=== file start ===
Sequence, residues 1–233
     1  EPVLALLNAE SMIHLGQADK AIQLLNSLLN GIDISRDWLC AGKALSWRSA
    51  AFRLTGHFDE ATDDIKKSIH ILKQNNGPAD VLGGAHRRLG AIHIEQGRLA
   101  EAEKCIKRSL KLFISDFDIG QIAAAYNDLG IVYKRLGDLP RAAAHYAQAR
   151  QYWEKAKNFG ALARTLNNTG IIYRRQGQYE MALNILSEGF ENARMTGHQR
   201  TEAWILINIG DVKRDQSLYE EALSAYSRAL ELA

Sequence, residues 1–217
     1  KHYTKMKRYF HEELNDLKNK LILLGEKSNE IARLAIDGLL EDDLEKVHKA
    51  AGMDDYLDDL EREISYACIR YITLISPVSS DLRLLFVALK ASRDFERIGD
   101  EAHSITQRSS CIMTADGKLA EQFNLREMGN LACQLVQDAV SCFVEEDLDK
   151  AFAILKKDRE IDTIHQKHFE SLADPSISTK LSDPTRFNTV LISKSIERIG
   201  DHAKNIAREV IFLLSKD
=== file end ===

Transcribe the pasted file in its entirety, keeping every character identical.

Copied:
Sequence, residues 1–233
     1  EPVLALLNAE SMIHLGQADK AIQLLNSLLN GIDISRDWLC AGKALSWRSA
    51  AFRLTGHFDE ATDDIKKSIH ILKQNNGPAD VLGGAHRRLG AIHIEQGRLA
   101  EAEKCIKRSL KLFISDFDIG QIAAAYNDLG IVYKRLGDLP RAAAHYAQAR
   151  QYWEKAKNFG ALARTLNNTG IIYRRQGQYE MALNILSEGF ENARMTGHQR
   201  TEAWILINIG DVKRDQSLYE EALSAYSRAL ELA

Sequence, residues 1–217
     1  KHYTKMKRYF HEELNDLKNK LILLGEKSNE IARLAIDGLL EDDLEKVHKA
    51  AGMDDYLDDL EREISYACIR YITLISPVSS DLRLLFVALK ASRDFERIGD
   101  EAHSITQRSS CIMTADGKLA EQFNLREMGN LACQLVQDAV SCFVEEDLDK
   151  AFAILKKDRE IDTIHQKHFE SLADPSISTK LSDPTRFNTV LISKSIERIG
   201  DHAKNIAREV IFLLSKD